A 2017 study found that about 75 percent of people who underwent ACL reconstructive surgery had arthritis findings on x-rays of their knee within 10-15 years of the time of surgery. This is a frightening finding, considering many ACL tears are treated in the teens and twenties of young athletes. These young people are then facing the prospect of managing knee arthritis as soon as in their 30s, a time when thoughts of arthritis are seldom on people's minds. Risk of developing arthritis is especially high in young people who also damage the meniscus cartilage or articular cartilage, rather than those who have isolated ACL tears.

The exact cause of the arthritis is not completely understood, but it is likely a few different problems. First, the initial injury can damage joint cartilage in a way that cannot be seen. However, cartilage has little ability to repair itself, and the damage can become more apparent over time. Second, the mechanics of the knee may change after reconstructive surgery. While surgical techniques are being developed to better achieve normal knee mechanics after reconstruction, the benefit of these changes is not entirely clear.

How to Prevent It

It is very clear that the best way to prevent early arthritis is to prevent ACL injuries and other knee ligament injuries. This is a subject of a lot of research investigating methods to lower the likelihood of ACL injury. There are promising results from some of these methods, but no prevention program will eliminate all ACL tears. Furthermore, if you've read this far, it's likely you or someone you care about already is managing a knee ligament tear.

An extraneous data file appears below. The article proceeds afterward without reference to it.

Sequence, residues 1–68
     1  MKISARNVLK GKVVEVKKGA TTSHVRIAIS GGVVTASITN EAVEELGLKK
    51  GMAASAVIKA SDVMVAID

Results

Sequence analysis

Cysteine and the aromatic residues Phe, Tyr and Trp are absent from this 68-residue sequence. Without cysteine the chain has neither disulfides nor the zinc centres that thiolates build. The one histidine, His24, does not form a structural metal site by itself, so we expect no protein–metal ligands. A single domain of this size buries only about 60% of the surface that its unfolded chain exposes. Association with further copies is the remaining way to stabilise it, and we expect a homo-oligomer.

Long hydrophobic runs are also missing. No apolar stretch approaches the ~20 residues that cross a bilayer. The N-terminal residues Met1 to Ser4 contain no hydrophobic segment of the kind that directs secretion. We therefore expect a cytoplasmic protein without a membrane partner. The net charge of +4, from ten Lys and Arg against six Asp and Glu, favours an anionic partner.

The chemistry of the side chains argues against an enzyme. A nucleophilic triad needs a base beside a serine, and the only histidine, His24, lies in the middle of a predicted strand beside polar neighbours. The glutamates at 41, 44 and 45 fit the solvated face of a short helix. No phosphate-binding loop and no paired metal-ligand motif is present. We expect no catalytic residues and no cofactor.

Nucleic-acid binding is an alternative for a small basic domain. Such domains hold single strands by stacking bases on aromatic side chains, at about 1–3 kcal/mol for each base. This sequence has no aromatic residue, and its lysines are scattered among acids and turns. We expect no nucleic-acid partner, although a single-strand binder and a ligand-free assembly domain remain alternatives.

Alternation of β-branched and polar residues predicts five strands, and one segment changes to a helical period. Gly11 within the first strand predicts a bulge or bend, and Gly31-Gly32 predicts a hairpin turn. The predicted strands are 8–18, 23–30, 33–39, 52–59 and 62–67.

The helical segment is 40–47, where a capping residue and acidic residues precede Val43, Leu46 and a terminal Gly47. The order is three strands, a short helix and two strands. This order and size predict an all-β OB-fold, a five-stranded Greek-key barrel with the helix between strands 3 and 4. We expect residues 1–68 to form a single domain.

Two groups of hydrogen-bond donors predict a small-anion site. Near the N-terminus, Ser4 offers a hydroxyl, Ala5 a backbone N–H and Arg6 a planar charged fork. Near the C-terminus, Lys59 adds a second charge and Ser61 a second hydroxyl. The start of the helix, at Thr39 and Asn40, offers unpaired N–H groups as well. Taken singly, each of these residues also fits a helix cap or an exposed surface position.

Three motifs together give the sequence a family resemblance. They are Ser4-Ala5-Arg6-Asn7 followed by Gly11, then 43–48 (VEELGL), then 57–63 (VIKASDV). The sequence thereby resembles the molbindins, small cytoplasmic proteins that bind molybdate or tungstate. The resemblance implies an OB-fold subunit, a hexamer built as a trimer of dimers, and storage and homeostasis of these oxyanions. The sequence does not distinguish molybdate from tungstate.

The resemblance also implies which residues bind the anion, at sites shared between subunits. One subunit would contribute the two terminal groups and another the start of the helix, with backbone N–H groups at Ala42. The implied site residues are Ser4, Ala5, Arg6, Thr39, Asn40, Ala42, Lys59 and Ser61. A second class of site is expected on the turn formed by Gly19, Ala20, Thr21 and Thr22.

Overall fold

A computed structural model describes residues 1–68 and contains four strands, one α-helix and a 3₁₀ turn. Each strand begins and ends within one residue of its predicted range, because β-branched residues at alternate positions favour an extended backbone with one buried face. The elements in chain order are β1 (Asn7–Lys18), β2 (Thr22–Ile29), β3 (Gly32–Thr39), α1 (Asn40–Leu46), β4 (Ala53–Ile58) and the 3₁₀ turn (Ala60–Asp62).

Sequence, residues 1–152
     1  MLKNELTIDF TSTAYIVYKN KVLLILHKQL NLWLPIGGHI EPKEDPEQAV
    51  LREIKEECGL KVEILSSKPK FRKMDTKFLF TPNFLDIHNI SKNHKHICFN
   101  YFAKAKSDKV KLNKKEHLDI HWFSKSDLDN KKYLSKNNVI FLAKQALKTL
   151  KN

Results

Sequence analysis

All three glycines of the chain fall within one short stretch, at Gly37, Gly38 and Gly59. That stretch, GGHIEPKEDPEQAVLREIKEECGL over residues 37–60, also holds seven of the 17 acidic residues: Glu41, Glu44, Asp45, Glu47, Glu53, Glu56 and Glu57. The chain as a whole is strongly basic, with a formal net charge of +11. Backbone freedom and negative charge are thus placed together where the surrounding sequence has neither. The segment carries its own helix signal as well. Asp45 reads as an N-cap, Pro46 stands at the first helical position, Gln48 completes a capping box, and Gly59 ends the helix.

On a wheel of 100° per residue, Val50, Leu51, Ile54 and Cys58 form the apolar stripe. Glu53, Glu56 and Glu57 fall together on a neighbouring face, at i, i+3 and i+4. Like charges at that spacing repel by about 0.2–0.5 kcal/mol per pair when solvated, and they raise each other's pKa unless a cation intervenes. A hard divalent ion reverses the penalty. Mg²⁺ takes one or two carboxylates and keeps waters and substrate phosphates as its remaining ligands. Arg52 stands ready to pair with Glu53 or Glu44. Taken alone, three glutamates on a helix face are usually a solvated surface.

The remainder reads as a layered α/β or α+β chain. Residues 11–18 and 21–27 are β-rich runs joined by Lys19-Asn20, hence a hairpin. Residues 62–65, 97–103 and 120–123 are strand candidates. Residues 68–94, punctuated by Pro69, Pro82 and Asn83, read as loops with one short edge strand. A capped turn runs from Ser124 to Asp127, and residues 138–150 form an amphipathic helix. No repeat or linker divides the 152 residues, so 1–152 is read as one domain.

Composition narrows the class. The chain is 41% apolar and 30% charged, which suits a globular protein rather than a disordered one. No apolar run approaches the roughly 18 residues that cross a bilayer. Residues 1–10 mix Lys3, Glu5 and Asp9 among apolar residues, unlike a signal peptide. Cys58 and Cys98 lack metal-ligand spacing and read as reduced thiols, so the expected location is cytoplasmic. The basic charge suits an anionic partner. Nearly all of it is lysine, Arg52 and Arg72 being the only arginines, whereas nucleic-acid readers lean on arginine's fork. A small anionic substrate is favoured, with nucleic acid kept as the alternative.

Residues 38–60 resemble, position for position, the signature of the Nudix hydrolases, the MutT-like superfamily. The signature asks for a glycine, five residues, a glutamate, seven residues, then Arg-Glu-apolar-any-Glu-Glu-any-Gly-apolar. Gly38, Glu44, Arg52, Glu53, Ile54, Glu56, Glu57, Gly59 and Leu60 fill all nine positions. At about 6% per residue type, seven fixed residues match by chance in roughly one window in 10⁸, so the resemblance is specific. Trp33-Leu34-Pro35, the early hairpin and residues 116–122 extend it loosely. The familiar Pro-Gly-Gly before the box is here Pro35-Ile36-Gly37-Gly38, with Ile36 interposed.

Surgical reconstruction is felt to be a good method to prevent further damage to the joint. Every time the knee gives out, there is a risk of further cartilage damage in the joint. Therefore, many surgeons advise ACL surgery to prevent further damage in the knee. The benefit of bracing the knee is a subject of debate, but ACL braces have not been shown to improve results or prevent arthritis after having had ACL surgery.

Future Developments

As with many medical problems, there is a lot of investigation about how to improve the results for young athletes who injured knee ligaments. There are many who feel they have found ways to lower the likelihood of arthritis development, but the long-term effectiveness of these ideas has not been proven. Some investigations include:

  • Improving the Mechanics of ACL Reconstructive Surgery: Some new surgical techniques have been developed to better replicate normal ACL anatomy or even repair the damaged ACL. Double-bundle ACL reconstruction and bridge enhanced ACL repair are some of these techniques, but if these are better than standard ACL reconstructive surgery is not known.
  • Changing the Biology of the Joint After Injury: After an injury to a joint, such as a ligament tear, the body releases a variety of chemical signals within the joint. Altering the body's response to ensure damage does not progress, and healing is optimal, is an area of investigation.